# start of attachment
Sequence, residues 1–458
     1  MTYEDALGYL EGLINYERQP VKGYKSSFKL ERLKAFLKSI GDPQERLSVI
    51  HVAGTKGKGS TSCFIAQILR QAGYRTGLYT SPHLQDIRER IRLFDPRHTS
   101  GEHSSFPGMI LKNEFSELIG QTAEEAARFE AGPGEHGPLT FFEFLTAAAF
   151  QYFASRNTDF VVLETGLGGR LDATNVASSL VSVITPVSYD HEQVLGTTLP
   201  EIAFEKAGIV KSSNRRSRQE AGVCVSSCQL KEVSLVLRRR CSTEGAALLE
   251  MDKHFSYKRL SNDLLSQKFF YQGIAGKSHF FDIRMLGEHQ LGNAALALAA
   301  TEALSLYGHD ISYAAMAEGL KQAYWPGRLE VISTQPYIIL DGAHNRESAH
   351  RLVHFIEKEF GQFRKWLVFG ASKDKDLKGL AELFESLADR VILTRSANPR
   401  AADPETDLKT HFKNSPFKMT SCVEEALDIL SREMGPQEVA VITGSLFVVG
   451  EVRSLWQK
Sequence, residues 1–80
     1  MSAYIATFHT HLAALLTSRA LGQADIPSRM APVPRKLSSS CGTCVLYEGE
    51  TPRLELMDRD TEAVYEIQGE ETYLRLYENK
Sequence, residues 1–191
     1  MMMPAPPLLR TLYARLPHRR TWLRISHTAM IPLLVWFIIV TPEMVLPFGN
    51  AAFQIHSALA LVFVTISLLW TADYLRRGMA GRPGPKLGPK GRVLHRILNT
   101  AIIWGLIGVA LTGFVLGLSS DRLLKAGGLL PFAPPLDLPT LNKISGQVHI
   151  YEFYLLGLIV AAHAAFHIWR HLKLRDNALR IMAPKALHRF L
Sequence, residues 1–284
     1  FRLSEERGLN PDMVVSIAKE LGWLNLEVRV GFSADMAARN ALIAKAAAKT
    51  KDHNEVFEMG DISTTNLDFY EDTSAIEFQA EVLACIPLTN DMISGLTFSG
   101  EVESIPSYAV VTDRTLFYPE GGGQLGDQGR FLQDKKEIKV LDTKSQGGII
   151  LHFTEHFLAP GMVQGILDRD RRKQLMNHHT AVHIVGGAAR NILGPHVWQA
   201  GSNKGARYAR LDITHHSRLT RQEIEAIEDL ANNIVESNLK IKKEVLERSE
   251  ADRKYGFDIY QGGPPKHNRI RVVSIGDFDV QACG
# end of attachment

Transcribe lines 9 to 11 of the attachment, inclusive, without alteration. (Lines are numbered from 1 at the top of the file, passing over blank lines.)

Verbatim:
   351  RLVHFIEKEF GQFRKWLVFG ASKDKDLKGL AELFESLADR VILTRSANPR
   401  AADPETDLKT HFKNSPFKMT SCVEEALDIL SREMGPQEVA VITGSLFVVG
   451  EVRSLWQK